Written and Directed by: Kyle Edward Ball
Starring: Lucas Paul and Dali Rose Tetreault
Reviewed by: Brett Gallman (@brettgallman)
"I want to play.”
I’ve never been a consistently lucid dreamer. More often than not, my dreams simply leave an impression on me, a barely perceptible feeling that lingers throughout the day and, sometimes, beyond. Some fleeting images have remained with me for years, to the point where they may as well be memories. And who’s to say they aren’t, really? At a certain point, distant memories and hazy dreams occupy the same space: warm, wistful nostalgia operates on an impressionistic level just like a bad dream that you can never shake. I can’t tell you exactly why it was a bad dream—only that it feels like a bad dream.Kyle Edward Ball’s Skinamarink dwells in this nebulous space, this intersection between dreams and memory, where the subconscious terror of childhood unfolds in an analog haze. His camera captures a nightmare that can’t be parsed, but there’s no doubt it is a nightmare, and it’s a singular one at that: there’s pretty much nothing else like Skinamarink, much less anything that’s ever willed itself into multiplexes. Idiosyncratic and primal all at once, it feels like the recollection of both a specific nightmare and the shared, collective unconscious of the fear that grips us during childhood, when even the most comforting and banal spaces house terrifying shadows.
Conventionally speaking, the plot is best described as an abstract depiction of a haunted childhood in 1995. Largely left to their own devices, Kevin and Kaylee (Lucas Paul & Dali Rose Tetreault) roam through their house, where all of the windows and doors have mysteriously vanished, leaving the siblings trapped within both with and without their parents all at once. While their mom and dad have a presence in the house, it’s not clear if they’re real, ghosts, or something else. The only thing that is clear: something awful has laid siege to this house, its raspy voice intoning the children to come upstairs and play, luring them to a fate that’s indeterminate yet utterly horrible. In a movie where very little is certain, one thing is for sure: whatever is haunting these children has put them in grave peril, and the pit this movie digs into your stomach suggests that they aren’t going to be alright.
If you’re the type of person who needs references to other movies as guideposts, then I’m afraid I don’t have much for you here. There simply isn’t much to compare Skinamarink to, and the best I can do is compare it to watching the tape from The Ring for 100 minutes—and even that really doesn’t capture it because the visuals in Skinamarink aren’t as surreal. In fact, it’s the banality of the setting (Ball’s childhood home) that gives the film its unsettling—and unconventional—sense of menace. The camera spends much of its time fixed on random fragments of the house’s interior: hallways, doors, ceilings, the floorspace, creating an eerie sense of vacancy. For the first ten minutes, it feels like an unconventional way to establish a sense of space and tone; however, as Skinamarink drones on, it becomes clear that Ball isn’t interested in crafting a lucid narrative. Instead, these shots are the movie, and whatever plot there is to speak of emerges as an impressionistic haze. Even the characters themselves feel like ghosts in their own story because we rarely see them on-screen, and their dialogue is pitched at such a hushed whisper that subtitles are often required. It’s actually jarring whenever a human presence is fully in the frame because they feel like intruders upon the liminal spaces whose menace becomes strangely entrancing.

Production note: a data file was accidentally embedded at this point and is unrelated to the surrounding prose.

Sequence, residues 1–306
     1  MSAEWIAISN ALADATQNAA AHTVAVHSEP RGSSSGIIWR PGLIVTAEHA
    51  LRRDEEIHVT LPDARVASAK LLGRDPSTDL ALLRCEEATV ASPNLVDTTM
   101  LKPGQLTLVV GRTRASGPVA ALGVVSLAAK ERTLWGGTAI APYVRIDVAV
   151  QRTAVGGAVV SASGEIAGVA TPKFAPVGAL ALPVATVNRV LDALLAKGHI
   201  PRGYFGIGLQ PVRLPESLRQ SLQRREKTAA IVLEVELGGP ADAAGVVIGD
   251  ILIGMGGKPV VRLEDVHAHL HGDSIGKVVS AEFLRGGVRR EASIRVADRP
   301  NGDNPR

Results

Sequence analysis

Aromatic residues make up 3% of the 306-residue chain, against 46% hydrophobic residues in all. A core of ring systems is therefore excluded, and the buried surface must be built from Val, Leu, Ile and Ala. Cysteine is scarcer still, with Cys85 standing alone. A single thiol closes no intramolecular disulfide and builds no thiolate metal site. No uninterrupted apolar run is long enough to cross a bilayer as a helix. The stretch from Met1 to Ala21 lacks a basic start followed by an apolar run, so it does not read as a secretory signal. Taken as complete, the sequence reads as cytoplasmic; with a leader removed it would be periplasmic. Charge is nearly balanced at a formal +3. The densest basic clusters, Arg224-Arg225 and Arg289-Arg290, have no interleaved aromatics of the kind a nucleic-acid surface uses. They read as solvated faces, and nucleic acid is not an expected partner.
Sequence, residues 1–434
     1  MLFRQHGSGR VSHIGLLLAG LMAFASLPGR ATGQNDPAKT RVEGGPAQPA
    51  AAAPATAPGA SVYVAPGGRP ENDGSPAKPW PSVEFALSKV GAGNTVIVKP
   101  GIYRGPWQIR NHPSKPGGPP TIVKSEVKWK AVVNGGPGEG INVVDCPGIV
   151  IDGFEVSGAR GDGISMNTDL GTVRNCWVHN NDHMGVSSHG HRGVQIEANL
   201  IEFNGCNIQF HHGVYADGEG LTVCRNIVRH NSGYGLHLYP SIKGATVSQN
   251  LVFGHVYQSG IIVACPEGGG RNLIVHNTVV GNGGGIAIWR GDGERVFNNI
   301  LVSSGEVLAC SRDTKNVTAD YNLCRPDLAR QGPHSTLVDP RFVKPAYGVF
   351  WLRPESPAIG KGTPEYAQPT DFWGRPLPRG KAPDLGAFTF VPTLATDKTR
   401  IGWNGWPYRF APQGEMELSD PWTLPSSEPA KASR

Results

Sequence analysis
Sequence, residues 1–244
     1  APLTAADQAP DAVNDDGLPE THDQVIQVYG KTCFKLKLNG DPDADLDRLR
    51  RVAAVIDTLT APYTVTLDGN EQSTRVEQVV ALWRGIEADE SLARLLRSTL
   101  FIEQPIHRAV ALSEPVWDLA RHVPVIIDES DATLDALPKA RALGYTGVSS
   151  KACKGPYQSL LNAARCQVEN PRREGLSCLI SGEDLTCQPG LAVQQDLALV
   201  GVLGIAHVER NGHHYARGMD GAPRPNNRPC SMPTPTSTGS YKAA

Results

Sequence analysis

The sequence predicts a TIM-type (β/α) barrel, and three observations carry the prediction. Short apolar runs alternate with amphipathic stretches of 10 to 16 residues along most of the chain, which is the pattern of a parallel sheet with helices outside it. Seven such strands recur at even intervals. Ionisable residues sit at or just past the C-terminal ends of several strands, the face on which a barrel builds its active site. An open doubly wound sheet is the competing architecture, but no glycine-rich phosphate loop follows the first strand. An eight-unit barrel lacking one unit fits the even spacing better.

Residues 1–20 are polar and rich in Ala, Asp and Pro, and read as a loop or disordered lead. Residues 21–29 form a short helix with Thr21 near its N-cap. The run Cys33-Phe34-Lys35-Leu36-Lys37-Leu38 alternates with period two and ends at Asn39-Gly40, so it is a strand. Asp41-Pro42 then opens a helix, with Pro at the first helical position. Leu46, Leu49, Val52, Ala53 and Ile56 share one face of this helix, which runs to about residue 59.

There’s an almost hypnotic rhythm to Skinamarink, which unfolds beneath a layer of digital grain that strives to recapture the look and feel of 8mm home movies. While many filmmakers often deploy this for gimmicky, nostalgic purposes, it feels more purposeful here, especially since Ball incorporates the perpetual purr of a projector into the soundscape, making the experience even more unreal. The unrelenting hum works in concert with another analog specter: a CRT television set that plays an endless loop of vintage cartoons, whose innocent exploits become an incongruent source of melancholy terror. Max Fleischer's “Somewhere in Dreamland” — a technicolor fable about two Depression Era siblings who dream of a magical land where all of their confectionary wishes are granted—emerges as a poignant yet unnerving touchstone here.